What is 'Passive Activity'

Passive activity is activity that a taxpayer did not materially participate in during the tax year. The Internal Revenue Service (IRS) defines two types of passive activity: trade or business activities to which the taxpayer did not actively contribute, and rental activities. Unless the taxpayer is a real estate professional, rental activities usually provide streams of income that are passive. The IRS defines material participation as involvement in the activity of the business on a regular, continuous and substantial basis.

Passive activity rules apply to individuals, estates, trusts (with the exception of grantor trusts), closely held corporations, and personal service corporations.

BREAKING DOWN 'Passive Activity'

Making a distinction between passive and active income is important for several reasons. A taxpayer can claim a passive loss against income generated from passive activities; however, a passive loss cannot be claimed against active income. This corresponds with the IRS’s passive activity loss rules. Active income refers to income generated from performing a service. This includes wages, tips, salaries, and commissions, as well as income from businesses in which the taxpayer substantially participates. For example, if a taxpayer founded a company, built and sold products, hired employees, and raised funds, these are highly active aspects of participation.

Excess passive activity loss can be carried forward to future years although it cannot be carried back.

Passive Activity and High Net Worth Individuals

Many high net worth individuals employ tax strategies that include passive activities as key means of reducing taxable income. A high net worth individual (HNWI) is defined as a single individual or a family with a net worth in terms of liquid assets over $1 million; however, the exact cutoff figure differs by financial institution and region. (Those with assets north of ~$30 million are generally considered ultra high net worth individuals.)

High net worth individuals usually qualify for additional preferential treatment with regards to investments in addition to being able to take advantage of tax strategies. (The average person does not generally have enough wealth to justify the time and cost of hiring a tax expert and/or building strategies to match active and passive income streams.) These include access to alternative investments and possible participation in initial public offerings or IPOs through their broker.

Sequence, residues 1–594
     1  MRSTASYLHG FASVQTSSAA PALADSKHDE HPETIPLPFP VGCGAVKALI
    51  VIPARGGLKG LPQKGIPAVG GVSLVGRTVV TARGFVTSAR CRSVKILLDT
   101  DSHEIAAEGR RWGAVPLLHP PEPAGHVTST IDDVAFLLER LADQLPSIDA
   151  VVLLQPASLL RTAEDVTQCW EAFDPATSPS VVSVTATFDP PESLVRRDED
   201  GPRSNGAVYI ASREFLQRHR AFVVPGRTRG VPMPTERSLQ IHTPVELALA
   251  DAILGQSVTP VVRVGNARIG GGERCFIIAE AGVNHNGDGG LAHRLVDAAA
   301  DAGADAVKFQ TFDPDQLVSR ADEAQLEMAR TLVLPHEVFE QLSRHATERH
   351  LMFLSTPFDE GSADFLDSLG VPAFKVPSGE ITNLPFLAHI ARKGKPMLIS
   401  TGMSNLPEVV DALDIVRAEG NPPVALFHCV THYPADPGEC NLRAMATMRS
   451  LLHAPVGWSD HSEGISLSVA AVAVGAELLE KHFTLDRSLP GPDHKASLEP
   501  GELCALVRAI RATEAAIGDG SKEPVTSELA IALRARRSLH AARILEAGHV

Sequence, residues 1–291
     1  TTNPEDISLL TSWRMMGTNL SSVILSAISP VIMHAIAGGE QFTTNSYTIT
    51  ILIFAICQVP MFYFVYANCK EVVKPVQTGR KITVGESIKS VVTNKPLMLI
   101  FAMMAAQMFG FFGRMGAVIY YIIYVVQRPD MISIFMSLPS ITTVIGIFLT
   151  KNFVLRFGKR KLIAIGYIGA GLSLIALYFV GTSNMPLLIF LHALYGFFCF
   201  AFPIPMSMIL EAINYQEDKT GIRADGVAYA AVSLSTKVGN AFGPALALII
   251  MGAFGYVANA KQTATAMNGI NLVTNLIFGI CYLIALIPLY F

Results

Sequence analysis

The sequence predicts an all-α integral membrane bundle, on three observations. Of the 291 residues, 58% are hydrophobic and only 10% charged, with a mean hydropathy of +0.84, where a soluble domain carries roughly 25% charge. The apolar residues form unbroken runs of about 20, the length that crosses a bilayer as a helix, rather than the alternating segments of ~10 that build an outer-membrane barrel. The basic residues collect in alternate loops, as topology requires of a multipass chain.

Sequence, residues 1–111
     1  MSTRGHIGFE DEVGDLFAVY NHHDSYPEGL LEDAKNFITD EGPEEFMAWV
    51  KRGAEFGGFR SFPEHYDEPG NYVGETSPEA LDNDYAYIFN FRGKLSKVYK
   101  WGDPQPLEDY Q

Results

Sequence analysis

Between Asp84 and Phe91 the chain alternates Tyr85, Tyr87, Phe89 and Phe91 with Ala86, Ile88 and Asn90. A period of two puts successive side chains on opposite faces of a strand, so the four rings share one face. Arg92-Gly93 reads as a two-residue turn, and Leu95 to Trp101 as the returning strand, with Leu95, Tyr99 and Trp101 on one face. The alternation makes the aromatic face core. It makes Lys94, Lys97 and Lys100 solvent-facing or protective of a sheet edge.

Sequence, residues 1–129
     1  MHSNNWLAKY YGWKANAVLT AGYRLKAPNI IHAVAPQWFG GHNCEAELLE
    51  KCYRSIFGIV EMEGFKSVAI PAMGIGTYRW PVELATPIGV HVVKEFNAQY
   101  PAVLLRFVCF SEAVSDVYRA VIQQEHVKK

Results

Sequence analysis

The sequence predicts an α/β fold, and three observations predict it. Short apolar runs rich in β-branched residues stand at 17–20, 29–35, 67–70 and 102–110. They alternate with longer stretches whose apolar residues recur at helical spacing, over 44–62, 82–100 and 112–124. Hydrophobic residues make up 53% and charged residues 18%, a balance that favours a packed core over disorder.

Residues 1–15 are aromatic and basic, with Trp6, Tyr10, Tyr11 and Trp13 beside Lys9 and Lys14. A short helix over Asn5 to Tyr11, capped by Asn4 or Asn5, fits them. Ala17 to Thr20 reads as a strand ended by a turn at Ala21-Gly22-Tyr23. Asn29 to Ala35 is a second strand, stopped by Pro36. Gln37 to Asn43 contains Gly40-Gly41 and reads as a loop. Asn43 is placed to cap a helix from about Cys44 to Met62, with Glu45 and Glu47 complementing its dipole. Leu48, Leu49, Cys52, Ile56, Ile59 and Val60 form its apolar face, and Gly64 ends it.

Private wealth managers jockey for the business of many HNWIs, offering highly personalized services in investment management, estate planning, tax planning, and more. The 2017 Capegemini World Wealth Report noted that the global number of high-net-worth individuals (HNWIs) grew by 7.5%. This brought the 2017 total to 16.5m, with the highest concentration in Asia.

RELATED TERMS
  1. Passive Activity Loss Rules

    Passive activity loss rules are a set of IRS rules that prohibits ...
  2. Suspended Loss

    A suspended loss is a capital loss that cannot be realized in ...
  3. Passive Investing

    Passive investing is an investment strategy to maximize returns ...
  4. Active Income

    Active income refers to income received from performing a service.
  5. Rental Real Estate Loss Allowance

    The rental real estate loss allowance is a federal tax deduction ...
  6. Active Management

    Active management consists of a human overseer or group making ...
Related Articles
  1. Investing

    Active or Passive Investing? What's Best for You

    Be strategic about which of these investing strategies you follow (and when).
  2. Investing

    How to Determine the Best Investment Strategy for You

    Before choosing passive or active investing for your portfolio, understand the differences.
  3. Investing

    Passively Versus Actively Managed Mutual Funds

    Learn about the differences between actively and passively managed mutual funds and for which types of investors each management style is best suited.
  4. Investing

    Money Managers Unite Against Passively Managed Funds

    Money managers put their heads together at summit in early November to strategize on how to overcome the loss of clients to passively managed funds.
  5. Investing

    Funds with the Largest Inflows for September, 2016 (VTI, XLRE)

    As the third quarter drew to a close, investors continued to pour money into passive funds, while active funds battled heavy outflows.
  6. Investing

    The Link Between ETF Popularity and Debt

    There may be a link between a firm's weight in bond indexes and how indebted that firm is.
  7. Retirement

    Active vs. Passive Investing for Retirees

    For most investors, sticking with a passive strategy for retirement investing will probably result in the best long-term returns. But not always.
  8. Investing

    Stock Pickers Are Shining Amid Market Turmoil

    Active investment managers performed better than passive funds in the recent stock market downturn.
  9. Investing

    Is Active Management Making a Comeback?

    The performance of actively-managed funds is starting to surpass their passive rivals. Here's why.
RELATED FAQS
  1. Passive vs Active Portfolio Management

    Understand the difference between active portfolio management and passive portfolio management, and how each strategy benefits ... Read Answer >>
  2. What are key operating activities in a company?

    Find out the things that make up a company's operating activities, including examples of some the key operating activities ... Read Answer >>
Trading Center